More holes open up in Green Dam Youth Escort

US firm claims China stole its filters


A US software firm claims that China's already infamous Green Dam Youth Escort censorship software has liberally lifted code from its own cyber-filtering product.

Solid Oak Software of Santa Barbara claims that the Green Dam package - which Beijing has declared must be installed on all PCs shipped in the People's Republic as part of its great battle against foreign filth - incorporates code from its own Cybersitter program.

The allegedly lifted code includes blacklists and update instructions, as well as a news update file dating back to 2004.

Solid Oak is seeking an injunction against the Chinese developer of Green Dam, Jinhui Computer System Engineering Inc, but its chances of gaining satisfaction must be reckoned to be fairly slim.

So, it's no surprise it is also seeking injunctions against US PC vendors who follow Beijing's directive that any machines they ship in China must carry the software.

"They are stealing proprietary copyrighted material from us, sending it over to the US and saying, 'We want this on all the computers you send us'," Solid Oak president Brian Milburn told Reuters. "Just because we are a small company doesn't make the theft of CyberSitter any less [wrong]."

Milburn told Reuters he had been tipped off via an anonymous email. "We found actual proprietary code areas within the Green Dam program itself which are incredibly suspicious because they use our proprietary encryption methods. There's a lot more to it than just a list of bad words."

Jinhui boss Bryan Zhang told a local paper: "That's impossible."

The code spat is the latest controversy to engulf Green Dam. The launch of the software last week was seen as a thinly-veiled attempt at further political censorship. Researchers quickly claimed to have found flaws which could allow the software to be used to create a giant botnet, sparking even quicker claims that this would be exactly what Beijing wants.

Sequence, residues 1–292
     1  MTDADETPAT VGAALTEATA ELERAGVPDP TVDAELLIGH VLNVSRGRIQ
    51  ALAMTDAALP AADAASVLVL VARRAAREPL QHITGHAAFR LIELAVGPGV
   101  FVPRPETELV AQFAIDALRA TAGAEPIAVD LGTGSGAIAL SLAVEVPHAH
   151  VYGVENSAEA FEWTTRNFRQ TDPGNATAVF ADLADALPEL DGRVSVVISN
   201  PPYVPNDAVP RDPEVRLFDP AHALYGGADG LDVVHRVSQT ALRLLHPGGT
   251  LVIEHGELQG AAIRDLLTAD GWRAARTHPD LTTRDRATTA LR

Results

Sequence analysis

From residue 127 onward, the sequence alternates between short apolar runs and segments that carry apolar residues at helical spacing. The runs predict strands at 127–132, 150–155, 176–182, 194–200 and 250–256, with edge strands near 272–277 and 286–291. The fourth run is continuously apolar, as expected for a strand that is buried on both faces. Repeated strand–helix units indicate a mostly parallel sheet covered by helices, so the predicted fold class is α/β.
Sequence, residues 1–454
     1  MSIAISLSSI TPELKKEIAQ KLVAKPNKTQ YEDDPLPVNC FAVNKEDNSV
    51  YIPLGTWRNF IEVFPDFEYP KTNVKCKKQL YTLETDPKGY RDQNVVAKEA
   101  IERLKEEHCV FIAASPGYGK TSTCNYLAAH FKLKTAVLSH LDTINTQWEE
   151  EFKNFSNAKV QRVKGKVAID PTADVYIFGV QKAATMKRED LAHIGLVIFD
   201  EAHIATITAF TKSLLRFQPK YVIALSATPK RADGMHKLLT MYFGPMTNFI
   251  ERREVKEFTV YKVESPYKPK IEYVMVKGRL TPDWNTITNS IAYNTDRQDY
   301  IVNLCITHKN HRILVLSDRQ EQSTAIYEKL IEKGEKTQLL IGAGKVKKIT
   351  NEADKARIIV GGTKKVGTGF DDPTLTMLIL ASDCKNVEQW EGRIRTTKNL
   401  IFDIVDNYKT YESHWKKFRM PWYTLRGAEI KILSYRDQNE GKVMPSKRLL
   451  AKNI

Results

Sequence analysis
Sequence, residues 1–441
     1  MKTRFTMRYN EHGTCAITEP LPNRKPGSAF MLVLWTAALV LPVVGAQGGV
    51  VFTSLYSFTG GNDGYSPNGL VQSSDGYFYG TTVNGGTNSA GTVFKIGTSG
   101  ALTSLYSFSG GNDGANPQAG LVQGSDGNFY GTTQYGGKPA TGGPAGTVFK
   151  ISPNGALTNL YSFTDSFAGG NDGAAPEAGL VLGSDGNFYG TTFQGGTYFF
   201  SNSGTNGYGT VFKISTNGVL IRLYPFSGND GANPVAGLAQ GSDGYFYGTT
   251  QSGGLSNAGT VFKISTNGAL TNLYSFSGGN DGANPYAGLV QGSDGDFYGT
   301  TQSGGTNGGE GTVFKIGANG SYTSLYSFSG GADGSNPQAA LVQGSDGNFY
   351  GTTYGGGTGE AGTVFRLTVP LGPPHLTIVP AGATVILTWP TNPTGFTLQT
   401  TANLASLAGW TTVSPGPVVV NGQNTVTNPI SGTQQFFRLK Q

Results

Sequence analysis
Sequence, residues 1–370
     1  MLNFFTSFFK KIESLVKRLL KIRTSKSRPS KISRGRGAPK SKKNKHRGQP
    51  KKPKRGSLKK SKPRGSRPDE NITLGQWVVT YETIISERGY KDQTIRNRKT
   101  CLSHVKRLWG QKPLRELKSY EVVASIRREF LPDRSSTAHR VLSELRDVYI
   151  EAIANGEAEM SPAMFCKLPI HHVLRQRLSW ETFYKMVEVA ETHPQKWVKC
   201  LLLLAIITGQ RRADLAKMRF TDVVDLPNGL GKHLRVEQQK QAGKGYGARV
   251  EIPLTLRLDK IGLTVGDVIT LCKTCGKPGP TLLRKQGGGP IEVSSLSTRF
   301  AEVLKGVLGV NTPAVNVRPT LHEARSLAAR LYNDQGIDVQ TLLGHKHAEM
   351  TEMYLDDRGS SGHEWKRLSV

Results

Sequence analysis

Other tests showed that the software was configured to block political material as well as smut, with Falun Gong and other political terms built into the software, along with mechanisms to stop Chinese using proxy servers to get round the country's Great Firewall. ®

Similar topics

Broader topics


Other stories you might like

  • China 'must seize TSMC' if the US were to impose sanctions
    So says Chinese economist, but it wouldn't achieve much if Taiwan destroyed its fabs first

    China should seize Taiwan to gain control of TSMC if the United States and its allies impose sanctions against the Middle Kingdom like those now in place against Russia, according to a prominent Chinese economist.

    The move follows the suggestion last year out of the US that Taiwan should be prepared to destroy its semiconductor factories if China were to invade.

    This latest development comes in a speech by Chen Wenling, chief economist for the China Center for International Economic Exchanges, delivered at the China-US Forum hosted by the Chongyang Institute for Financial Studies at Renmin University of China at the end of May. The text of the speech was posted to the Guancha (Observer) online news site.

    Continue reading
  • Former chip research professor jailed for not disclosing Chinese patents